Phil Mickelson, Jack Nicklaus weigh in on ball movement, viewer oversight

Phil Mickelson 2017 Masters

Phil Mickelson, Jack Nicklaus weigh in on ball movement, viewer oversight

PGA Tour

Phil Mickelson, Jack Nicklaus weigh in on ball movement, viewer oversight

AUGUSTA, Ga. – Of all the players who have weighed in on Lexi Thompson’s four-stroke penalty at the ANA Inspiration, not one has accused her of intentionally replacing her ball in the wrong spot.

But the topic did cause Phil Mickelson to address a situation he’s unhappy with on the PGA Tour during a Masters pre-tournament press conference.

“Rather than address that specific instance,” Mickelson said, “what I would say is this: I know a number of guys on Tour that are loose with how they mark the ball have not been called on it. I mean, they will move the ball two, three inches in front of their mark, and this an intentional way to get it out of any type of impression and so forth, and I think that kind of stuff needs to stop.”

Mickelson went on to say that the situation should be handled within the PGA Tour, warning players that they need to be more precise marking their ball.

As for Thompson’s situation, Mickelson felt that given all the factors in play – viewers calling, marking a 1-foot putt loosely with really no advantage, something he said happens all the time “intentionally and unintentionally” – the call should be reversed.

“I think (Thompson) should be given the trophy,” he said.

Later in the day Jack Nicklaus was asked to weigh in on Mickelson’s comments about players who are lax in marking their golf ball. Nicklaus said he was always careful, as integrity is an integral part of the game.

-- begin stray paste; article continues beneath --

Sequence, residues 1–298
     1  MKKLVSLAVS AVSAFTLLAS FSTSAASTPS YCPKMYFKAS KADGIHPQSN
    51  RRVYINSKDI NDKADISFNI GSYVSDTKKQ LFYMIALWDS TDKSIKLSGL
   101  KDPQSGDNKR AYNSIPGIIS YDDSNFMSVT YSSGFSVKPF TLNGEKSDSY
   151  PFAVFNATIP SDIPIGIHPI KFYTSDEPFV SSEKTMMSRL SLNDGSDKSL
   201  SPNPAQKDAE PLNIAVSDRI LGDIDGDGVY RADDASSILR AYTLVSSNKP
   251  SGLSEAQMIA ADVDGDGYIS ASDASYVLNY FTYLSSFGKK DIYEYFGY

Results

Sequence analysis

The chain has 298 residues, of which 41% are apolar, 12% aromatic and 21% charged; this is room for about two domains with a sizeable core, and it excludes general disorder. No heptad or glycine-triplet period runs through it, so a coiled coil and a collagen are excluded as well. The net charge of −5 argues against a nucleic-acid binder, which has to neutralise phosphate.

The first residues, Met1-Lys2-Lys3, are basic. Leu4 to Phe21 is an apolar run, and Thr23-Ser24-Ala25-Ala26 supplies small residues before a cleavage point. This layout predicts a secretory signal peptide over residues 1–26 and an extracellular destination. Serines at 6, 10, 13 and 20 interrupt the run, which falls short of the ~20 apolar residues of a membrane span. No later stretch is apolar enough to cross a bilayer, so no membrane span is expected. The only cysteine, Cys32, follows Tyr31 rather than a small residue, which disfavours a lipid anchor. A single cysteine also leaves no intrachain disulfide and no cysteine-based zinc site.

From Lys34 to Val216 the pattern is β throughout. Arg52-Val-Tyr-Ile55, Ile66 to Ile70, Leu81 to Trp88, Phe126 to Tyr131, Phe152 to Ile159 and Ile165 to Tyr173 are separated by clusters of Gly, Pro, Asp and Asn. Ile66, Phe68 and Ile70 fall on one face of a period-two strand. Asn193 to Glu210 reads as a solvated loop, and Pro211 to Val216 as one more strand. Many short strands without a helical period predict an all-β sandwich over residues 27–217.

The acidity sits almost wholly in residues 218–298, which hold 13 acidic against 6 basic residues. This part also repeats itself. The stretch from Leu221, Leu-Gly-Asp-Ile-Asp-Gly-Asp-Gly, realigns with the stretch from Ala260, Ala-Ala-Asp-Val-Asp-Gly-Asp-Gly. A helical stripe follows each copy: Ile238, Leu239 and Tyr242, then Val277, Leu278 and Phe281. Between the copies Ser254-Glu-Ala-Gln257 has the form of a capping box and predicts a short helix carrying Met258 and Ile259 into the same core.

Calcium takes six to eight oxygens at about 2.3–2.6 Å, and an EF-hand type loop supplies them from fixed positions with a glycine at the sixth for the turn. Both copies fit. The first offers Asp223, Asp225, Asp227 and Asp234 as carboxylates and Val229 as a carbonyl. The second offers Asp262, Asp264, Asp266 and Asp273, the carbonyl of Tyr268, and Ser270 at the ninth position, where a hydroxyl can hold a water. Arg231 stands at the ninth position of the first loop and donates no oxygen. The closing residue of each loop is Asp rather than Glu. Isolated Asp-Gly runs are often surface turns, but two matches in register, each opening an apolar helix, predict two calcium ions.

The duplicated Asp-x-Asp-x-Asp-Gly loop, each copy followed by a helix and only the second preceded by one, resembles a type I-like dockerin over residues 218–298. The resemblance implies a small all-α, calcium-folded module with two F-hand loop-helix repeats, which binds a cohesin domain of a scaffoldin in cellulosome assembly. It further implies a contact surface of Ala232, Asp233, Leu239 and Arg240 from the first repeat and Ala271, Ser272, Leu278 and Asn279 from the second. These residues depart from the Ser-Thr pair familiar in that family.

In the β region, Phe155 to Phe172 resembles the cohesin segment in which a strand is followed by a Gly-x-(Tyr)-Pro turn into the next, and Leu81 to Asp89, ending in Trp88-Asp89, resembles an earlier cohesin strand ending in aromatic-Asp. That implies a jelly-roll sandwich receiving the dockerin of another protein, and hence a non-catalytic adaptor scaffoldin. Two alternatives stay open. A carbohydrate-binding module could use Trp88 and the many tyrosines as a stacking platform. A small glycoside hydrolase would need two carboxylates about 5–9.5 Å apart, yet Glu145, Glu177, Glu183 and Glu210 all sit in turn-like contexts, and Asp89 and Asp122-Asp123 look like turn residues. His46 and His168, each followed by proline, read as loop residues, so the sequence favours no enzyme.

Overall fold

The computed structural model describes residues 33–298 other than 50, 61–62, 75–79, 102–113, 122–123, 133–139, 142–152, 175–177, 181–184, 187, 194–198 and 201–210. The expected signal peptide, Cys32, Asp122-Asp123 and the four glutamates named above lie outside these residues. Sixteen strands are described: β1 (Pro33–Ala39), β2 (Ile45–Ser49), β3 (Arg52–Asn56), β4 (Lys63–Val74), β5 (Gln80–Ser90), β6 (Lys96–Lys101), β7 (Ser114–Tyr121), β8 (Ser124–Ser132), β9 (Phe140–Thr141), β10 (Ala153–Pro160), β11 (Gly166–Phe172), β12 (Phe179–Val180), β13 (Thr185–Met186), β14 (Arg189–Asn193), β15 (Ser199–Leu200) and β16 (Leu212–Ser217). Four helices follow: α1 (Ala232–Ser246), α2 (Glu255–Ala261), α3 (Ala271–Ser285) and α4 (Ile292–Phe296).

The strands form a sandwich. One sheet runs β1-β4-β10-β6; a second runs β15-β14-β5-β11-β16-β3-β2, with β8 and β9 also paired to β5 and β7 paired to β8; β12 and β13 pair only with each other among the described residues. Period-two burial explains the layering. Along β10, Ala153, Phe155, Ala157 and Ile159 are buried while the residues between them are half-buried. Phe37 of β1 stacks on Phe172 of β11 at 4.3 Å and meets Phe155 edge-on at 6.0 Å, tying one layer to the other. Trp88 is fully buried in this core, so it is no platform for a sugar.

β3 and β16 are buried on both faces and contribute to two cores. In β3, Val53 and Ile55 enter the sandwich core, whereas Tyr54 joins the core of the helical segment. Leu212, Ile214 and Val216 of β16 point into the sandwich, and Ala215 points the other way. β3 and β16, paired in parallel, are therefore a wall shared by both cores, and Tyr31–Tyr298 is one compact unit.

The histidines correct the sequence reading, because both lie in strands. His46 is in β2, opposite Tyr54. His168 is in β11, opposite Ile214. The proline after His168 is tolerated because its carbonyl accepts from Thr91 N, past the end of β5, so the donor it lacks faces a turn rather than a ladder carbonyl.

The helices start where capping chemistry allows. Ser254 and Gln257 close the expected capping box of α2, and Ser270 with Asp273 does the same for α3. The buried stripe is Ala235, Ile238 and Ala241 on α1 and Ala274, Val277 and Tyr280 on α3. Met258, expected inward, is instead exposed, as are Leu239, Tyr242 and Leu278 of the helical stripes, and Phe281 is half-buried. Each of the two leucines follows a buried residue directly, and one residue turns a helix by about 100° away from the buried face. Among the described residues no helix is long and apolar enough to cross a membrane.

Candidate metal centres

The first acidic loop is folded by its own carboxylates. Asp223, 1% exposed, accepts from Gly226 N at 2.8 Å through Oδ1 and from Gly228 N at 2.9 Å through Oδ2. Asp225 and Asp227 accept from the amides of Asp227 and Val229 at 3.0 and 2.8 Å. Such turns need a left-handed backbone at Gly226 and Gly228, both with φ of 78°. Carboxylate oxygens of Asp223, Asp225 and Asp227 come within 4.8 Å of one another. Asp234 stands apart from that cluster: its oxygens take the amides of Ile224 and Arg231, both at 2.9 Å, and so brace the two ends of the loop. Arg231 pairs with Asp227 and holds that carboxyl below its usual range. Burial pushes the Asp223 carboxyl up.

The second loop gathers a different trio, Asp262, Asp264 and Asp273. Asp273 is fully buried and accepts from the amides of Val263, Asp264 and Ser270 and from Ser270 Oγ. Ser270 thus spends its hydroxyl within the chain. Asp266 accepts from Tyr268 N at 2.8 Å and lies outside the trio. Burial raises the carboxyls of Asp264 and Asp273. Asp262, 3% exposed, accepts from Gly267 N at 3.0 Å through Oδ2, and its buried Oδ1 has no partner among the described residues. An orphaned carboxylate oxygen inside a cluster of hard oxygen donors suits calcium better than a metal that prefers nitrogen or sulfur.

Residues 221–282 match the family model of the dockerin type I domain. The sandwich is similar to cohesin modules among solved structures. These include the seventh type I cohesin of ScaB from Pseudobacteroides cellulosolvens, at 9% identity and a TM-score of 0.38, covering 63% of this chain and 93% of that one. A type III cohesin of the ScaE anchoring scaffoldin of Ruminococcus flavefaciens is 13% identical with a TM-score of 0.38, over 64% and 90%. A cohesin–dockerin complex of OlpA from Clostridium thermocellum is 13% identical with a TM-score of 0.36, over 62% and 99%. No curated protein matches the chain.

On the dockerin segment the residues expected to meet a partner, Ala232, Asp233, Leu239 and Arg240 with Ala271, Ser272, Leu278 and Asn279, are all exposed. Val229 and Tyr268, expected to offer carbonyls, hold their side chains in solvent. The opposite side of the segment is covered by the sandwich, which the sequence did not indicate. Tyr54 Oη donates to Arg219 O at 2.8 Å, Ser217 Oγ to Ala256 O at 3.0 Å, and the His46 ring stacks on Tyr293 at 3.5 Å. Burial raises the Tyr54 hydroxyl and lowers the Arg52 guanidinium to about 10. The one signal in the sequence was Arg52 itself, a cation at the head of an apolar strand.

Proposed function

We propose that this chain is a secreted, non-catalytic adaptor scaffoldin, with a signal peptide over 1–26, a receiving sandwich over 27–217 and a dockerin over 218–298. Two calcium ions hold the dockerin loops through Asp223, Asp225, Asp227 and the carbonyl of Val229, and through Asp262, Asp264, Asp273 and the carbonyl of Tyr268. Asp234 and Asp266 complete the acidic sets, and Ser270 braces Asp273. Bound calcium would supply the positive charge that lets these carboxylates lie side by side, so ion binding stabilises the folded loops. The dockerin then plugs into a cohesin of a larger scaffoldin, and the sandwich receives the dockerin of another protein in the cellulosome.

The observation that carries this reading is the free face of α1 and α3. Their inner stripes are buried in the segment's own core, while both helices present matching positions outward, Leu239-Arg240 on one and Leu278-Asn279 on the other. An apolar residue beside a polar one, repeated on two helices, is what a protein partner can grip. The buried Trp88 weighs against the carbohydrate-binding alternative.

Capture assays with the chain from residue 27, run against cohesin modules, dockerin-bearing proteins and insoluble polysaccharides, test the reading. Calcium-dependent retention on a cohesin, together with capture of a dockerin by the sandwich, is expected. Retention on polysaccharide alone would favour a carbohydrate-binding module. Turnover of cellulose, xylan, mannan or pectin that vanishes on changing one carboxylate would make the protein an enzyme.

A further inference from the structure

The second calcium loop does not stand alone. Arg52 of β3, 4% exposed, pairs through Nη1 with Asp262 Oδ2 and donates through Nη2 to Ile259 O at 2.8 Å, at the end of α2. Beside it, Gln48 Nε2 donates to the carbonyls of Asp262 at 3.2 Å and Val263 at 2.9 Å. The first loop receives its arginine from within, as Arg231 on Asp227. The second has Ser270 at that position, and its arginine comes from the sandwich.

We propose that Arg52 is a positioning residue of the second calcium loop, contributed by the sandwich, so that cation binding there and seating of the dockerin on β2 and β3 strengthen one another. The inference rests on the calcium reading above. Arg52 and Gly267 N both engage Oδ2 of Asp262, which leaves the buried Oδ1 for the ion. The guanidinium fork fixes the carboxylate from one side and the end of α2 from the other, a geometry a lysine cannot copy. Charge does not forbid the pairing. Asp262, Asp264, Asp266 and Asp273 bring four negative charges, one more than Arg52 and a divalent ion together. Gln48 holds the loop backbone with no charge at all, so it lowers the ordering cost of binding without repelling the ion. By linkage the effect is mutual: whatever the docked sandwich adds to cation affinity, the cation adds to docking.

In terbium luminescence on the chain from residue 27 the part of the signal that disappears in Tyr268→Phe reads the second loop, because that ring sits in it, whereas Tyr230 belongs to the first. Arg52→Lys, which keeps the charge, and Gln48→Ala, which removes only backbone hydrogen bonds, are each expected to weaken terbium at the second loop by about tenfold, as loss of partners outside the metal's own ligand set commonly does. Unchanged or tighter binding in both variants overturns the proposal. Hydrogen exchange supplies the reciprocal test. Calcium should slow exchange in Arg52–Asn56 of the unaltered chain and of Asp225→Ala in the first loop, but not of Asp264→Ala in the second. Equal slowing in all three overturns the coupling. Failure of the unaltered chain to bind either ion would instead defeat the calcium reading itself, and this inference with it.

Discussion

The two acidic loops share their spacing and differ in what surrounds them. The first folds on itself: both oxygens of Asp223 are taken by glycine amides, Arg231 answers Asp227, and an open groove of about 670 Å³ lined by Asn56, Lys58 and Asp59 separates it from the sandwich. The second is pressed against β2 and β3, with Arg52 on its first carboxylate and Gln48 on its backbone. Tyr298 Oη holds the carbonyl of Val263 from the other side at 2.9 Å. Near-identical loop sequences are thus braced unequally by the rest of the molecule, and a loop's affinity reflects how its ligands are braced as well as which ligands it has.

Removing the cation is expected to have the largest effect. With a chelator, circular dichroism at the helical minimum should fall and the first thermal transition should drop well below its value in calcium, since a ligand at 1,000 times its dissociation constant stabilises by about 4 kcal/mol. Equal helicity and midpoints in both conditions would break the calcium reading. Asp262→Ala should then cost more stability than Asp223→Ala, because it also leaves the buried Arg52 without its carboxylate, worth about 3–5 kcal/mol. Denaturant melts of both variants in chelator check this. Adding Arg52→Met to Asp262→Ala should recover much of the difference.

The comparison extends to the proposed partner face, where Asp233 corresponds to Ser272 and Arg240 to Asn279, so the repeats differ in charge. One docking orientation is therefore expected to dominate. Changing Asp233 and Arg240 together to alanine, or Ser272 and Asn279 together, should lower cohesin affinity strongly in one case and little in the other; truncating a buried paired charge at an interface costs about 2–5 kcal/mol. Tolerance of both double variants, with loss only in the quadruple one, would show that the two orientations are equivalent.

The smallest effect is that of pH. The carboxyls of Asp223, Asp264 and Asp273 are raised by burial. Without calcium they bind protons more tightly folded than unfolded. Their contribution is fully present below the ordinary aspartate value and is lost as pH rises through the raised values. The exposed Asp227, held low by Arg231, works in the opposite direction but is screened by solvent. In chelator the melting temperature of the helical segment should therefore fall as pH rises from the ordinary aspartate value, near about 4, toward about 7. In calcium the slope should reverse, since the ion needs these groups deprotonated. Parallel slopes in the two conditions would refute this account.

“We govern ourselves,” Nicklaus said. “We call rules on ourselves.”

As for protecting the rest of the field, Nicklaus said on three separate occasions he dealt with cheating on the PGA Tour.

“Three occasions we took it quietly to the director of the tournament and got out of it,” Nicklaus said. “Nothing was ever said publicly about it.”

Nicklaus said that while it’s a player’s obligation to report a blatant rules violation, it’s best to bring it up quietly. At a recent Presidents Cup, for example, there was such a situation in which Nicklaus was involved.

“They just got the captains together and had a little conversation with the young man,” said Nicklaus, “and it was probably the best thing that ever happened to him.”

Nicklaus went to say that in the case of Thompson, he did not believe she tried to do anything malicious.

“I don’t think that’s the way she was brought up or the way she would play,” Nicklaus said. “And so I think it just happened to be a mistake.”

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